US warship shoots down drone and anti-ship ballistic missile fired by Yemen’s Houthi rebels

US sanctions scores of money exchange services from Yemen and Turkey to prevent financing of Houthi rebels

Namita Singh
Friday 29 December 2023 08:25

Related: US to take ‘appropriate action’ against Iran-backed Houthi militia after ship attacks

The United States shot down a drone and an anti-ship ballistic missile in the Southern Red Sea fired by Iranian-backed Houthi rebels, officials said.

There was no damage or reported injuries, it said in a post on X.

It came as the US announced sanctions on a group of money exchange services from Yemen and Turkey alleged to help provide funding to Houthis.

Included in the sanctions are the head of a financial intermediary in Sana’a, Yemen, along with three exchange houses in Yemen and Turkey. The US Treasury alleges that the people and firms helped transfer millions of dollars to the Houthis at the direction of sanctioned Iranian financial facilitator Sa’id al-Jamal.

The sanctions block access to US property and bank accounts and prevent the targeted people and companies from doing business with Americans.

Yesterday’s action is the latest round of financial penalties meant to punish the Houthis.

Earlier this month, the US announced sanctions against 13 people and firms alleged to be providing tens of millions of dollars from the sale and shipment of Iranian commodities to the Houthis in Yemen.

Brian E Nelson, Treasury’s undersecretary for terrorism and financial intelligence, said Thursday’s action "underscores our resolve to restrict the illicit flow of funds to the Houthis, who continue to conduct dangerous attacks on international shipping and risk further destabilizing the region."

Mr Nelsons said the US and its allies "will continue to target the key facilitation networks that enable the destabilizing activities of the Houthis and their backers in Iran."

The sanctions freeze any US assets belonging to the targeted entities and generally prohibit Americans from doing business with them.

The Houthis have sporadically targeted ships in the region in the past, but the attacks have increased since the start of the war between Israel and Hamas, spiking after the 17 October explosion at a hospital in Gaza killed and injured many. Houthi leaders have insisted Israel is their target.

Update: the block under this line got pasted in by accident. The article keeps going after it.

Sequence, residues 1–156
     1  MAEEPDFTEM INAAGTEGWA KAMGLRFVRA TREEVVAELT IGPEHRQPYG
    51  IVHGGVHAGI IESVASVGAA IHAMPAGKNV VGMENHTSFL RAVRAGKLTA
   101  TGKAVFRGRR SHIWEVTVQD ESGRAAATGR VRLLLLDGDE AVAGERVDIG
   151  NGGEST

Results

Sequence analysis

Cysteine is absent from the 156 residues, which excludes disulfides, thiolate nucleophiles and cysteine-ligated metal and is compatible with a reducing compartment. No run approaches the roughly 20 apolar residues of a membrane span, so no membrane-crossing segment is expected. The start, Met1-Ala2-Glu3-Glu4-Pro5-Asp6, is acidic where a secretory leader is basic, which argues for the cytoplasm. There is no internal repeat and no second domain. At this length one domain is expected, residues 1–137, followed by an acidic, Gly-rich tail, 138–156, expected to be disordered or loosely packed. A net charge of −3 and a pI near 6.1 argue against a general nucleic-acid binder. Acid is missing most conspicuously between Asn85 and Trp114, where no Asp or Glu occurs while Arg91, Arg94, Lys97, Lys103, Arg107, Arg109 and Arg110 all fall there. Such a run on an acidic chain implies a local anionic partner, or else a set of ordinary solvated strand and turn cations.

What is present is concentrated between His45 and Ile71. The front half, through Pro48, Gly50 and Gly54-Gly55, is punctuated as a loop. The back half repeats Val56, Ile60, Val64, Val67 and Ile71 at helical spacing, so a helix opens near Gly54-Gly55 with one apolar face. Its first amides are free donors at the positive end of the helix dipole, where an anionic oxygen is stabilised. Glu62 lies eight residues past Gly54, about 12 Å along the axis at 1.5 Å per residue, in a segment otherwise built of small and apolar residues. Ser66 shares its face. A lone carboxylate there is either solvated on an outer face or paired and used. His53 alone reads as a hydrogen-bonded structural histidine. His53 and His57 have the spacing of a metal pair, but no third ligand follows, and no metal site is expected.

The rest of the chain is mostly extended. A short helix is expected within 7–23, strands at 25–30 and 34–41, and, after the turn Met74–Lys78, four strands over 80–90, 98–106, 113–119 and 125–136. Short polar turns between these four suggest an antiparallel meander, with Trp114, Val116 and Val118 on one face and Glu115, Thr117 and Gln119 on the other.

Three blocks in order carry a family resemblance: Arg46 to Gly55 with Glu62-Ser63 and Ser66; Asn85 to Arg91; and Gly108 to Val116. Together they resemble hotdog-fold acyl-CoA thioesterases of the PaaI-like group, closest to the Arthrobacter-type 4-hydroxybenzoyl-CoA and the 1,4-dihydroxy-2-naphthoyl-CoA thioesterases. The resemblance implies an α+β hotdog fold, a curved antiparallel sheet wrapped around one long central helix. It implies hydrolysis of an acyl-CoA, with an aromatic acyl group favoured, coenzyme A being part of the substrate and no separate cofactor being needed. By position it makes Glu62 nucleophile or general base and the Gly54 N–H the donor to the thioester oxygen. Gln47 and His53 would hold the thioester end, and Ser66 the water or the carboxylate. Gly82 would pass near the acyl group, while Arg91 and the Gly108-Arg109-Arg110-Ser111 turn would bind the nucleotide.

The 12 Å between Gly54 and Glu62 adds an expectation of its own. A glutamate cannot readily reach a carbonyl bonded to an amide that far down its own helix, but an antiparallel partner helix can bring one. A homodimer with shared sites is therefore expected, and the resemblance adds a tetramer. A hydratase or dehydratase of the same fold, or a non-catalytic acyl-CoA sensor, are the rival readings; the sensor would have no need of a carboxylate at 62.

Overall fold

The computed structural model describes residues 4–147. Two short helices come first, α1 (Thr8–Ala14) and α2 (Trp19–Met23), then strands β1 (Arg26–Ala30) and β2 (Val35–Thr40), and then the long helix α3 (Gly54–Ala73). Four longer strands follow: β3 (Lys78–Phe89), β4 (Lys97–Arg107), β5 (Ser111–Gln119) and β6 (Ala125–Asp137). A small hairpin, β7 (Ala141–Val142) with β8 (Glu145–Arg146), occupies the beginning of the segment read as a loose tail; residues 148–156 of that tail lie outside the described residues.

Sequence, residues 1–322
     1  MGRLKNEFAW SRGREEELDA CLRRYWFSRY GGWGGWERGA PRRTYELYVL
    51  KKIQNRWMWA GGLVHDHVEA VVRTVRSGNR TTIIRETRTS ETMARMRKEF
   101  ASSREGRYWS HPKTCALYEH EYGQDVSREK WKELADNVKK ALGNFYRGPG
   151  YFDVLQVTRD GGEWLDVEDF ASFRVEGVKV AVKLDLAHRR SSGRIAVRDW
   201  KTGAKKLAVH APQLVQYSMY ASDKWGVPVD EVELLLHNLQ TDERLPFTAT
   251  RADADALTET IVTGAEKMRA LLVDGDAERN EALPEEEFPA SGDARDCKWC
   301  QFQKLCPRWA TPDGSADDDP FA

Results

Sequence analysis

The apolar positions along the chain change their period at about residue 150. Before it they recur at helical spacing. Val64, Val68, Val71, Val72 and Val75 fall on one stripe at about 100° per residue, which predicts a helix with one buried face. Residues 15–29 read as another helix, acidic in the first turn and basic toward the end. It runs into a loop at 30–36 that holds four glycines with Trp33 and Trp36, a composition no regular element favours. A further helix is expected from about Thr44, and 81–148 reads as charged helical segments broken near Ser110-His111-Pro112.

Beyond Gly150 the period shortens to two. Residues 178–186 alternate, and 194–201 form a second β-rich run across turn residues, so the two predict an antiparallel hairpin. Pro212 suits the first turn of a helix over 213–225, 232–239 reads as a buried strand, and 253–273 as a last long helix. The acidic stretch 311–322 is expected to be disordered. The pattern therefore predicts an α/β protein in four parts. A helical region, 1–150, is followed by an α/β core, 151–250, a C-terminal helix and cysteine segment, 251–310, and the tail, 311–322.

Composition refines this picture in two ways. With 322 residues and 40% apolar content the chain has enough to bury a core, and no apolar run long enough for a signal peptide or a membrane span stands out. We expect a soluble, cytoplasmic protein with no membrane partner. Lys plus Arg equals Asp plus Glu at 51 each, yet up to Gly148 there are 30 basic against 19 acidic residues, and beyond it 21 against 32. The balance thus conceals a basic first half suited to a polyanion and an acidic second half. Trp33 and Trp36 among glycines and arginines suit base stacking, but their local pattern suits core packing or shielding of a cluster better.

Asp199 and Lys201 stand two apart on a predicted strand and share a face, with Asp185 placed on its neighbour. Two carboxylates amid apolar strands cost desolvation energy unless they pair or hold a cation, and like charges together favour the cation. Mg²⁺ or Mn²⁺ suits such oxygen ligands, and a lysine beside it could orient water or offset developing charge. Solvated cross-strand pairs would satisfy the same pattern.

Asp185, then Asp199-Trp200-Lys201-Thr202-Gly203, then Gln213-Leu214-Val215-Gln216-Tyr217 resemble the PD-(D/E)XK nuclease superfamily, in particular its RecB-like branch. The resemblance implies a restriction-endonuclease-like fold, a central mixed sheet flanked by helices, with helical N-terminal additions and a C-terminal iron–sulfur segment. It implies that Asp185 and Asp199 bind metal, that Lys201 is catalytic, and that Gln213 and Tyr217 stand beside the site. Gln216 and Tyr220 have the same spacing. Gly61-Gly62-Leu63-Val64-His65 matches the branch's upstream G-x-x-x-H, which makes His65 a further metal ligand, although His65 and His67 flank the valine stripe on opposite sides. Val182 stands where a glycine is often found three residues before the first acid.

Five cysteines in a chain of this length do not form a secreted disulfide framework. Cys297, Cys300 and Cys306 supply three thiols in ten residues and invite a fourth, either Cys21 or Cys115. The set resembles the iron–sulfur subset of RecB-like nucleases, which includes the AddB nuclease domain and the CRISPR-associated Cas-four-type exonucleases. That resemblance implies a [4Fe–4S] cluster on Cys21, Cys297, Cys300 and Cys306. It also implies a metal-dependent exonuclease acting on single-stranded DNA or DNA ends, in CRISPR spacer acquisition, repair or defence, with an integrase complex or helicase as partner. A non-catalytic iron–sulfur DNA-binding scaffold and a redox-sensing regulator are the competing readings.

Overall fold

They aim to raise the international costs of Israel’s offensive in Gaza, which was triggered by the 7 October onslaught into Israel by the enclave’s ruling Hamas militants.

The US, British and French warships have shot down drones and missiles launched by the Houthis, who control huge swaths of Yemen captured during years of civil war. The Iran-aligned movement says it will continue the attacks in response to the Israeli assault on Gaza.

The US military’s Central Command reported another attempt to attack commercial vessels on Thursday. It said the USS Mason, a Navy destroyer, shot down one drone and one ballistic missile that were fired by the Houthis around 6pm local time.

"There was no damage to any of the 18 ships in the area or reported injuries," CentCom said, adding that it was the 22nd attempted attack by Houthis on international shipping since 19 October.

The US is leading a new naval task force to protect commercial shipping and has accused Iran of supplying weapons, financing, targeting and other assistance to the Houthis. Iran denies the allegation.

In December, the White House also announced that it was encouraging its allies to join the Combined Maritime Forces, a 39-member partnership that exists to counter malign action by non-state actors in international waters, as it looks to push back against the Houthis.

The attacks on commercial vessels in the Red Sea by Yemen’s Houthi rebels have scared off some of the world’s top shipping companies and oil giants, effectively rerouting global trade away from a crucial artery for consumer goods and energy supplies that is expected to trigger delays and rising prices.

Additional reporting by agencies

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